Disability Discrimination: Failure to consider part time working

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Disability Discrimination: Failure to consider part time working

Published 6 August 2018

The facts

Dr Ali was employed as a GP. He suffered a heart attack, and was signed off work with an ongoing heart condition. The medical information which his employer received showed that he was unlikely to work full time again, though he would be able return to part time work on a phased basis. Dr Ali emailed his employer, saying that he was fit to return, and asked for their proposals. At a medical capability meeting, he agreed with his doctor’s assessment that it was unlikely that he would ever be able to work full time. He also advised his employer that he had to take more sick leave because of a shoulder condition. There was some discussion about proposals for future adjustments to his hours and duties. The next day, he submitted a doctor’s certificate signing him off work for another six weeks because of his shoulder condition and because he was under cardiac review. Soon afterwards, his employer wrote to him, telling him that he was going to be dismissed with immediate effect, on the grounds of capability. The letter explained that the reason for this was his inability to return to work full time, and explained why the adjustments proposed to his work were not feasible.

Dr Ali claimed that he had been unfairly dismissed and that he had suffered disability discrimination. The employment tribunal accepted that his dismissal had been unfavourable treatment and that it arose in consequence of his disability. The tribunal went on to look at justification. It accepted that his employer had demonstrated a legitimate aim, which was “the need to ensure that the best possible care was provided to patients”. It considered whether the dismissal was reasonably necessary to achieve this aim. It agreed with Dr Ali’s employers, explaining that the practice had to bear some of the cost of Dr Ali’s absence, that this had caused extra work for other members of the practice, and there had been an impact in continuity of care, which is hard to maintain with locum doctors. The employers also could not recruit a permanent replacement while he was still employed. All of this, the tribunal held, impacted on patient care, and the need to provide the best possible care outweighed Dr Ali’s need to remain employed. Accordingly, the tribunal held that the dismissal was justified and not discriminatory.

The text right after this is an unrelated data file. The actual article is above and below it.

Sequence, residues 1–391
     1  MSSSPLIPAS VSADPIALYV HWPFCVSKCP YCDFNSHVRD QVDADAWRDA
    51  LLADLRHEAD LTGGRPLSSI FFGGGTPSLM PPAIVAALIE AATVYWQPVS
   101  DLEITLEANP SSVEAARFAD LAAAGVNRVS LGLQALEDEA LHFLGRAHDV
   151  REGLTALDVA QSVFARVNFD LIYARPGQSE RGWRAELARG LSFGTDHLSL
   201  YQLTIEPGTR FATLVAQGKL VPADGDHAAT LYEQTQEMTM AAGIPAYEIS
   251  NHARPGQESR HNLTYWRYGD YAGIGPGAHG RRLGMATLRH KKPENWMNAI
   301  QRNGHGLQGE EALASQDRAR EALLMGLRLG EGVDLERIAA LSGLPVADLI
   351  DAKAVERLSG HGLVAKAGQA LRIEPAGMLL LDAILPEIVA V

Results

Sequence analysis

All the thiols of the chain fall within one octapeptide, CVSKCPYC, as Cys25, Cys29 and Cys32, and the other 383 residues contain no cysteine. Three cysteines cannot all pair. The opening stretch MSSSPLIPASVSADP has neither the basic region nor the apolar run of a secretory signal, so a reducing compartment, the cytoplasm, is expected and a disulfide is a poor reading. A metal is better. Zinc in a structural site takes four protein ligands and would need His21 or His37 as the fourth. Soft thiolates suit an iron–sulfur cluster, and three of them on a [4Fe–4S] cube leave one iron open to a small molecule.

However, Dr Ali had also claimed that he had been unfairly dismissed. The tribunal held that the dismissal had been procedurally unfair, saying that, “Although the partners had concluded that [Dr Ali] was unlikely to return to full time employment in the foreseeable future, there had been no meaningful consideration or consultation on alternatives to dismissal, in particular the possibility of a return to work part time.” Additionally, they should have obtained an updated medical report to ascertain the impact that Dr Ali’s shoulder condition would have on his ability to work part time.

Dr Ali appealed to the EAT. He argued that the dismissal was not a proportionate response, and that the option of part time work, rather than dismissal, was feasible and operationally possible. It was clear (he said), from the tribunal’s findings in relation to the unfair dismissal claim, that the decision to dismiss had been taken at a time when there had been no meaningful consideration or consultation on the possibility of part time working. He said that the employer was seeking to justify dismissal in circumstances in which it had been admitted that an offer of part time working would have been an alternative to dismissal.

The EAT held that, reading the judgment of the tribunal as a whole, including the unfair dismissal finding, it was apparent that part time working was a possibility. The tribunal’s failure to consider the issue of part time working, as a less discriminatory means of meeting the employer’s legitimate aim, was an error in law and meant the tribunal's decision on justification could not stand. The disability arising from discrimination claim was remitted to the same tribunal to reconsider the question of proportionality in the light of its findings that it had been possible for the employer to accommodate part time working.

What does this mean for employers?

This case does not create any new legal principles. It will come as no surprise to employers that, when taking action in relation to a disabled employee, they need to consider whether there is a less discriminatory way of achieving their aim: it will often be necessary to explore whether part time working might be an alternative to dismissing an employee who cannot work full time because of a disability.

The case is also a reminder to employers that while the tests for unfair dismissal and discrimination arising from disability are different, similar considerations apply when deciding whether an employee's dismissal following long-term sickness absence is unfair or discriminatory.

Ali v Torrosian & Ors


Ceri Fuller

Ceri Fuller

London - Walbrook

+44 (0)20 7894 6583

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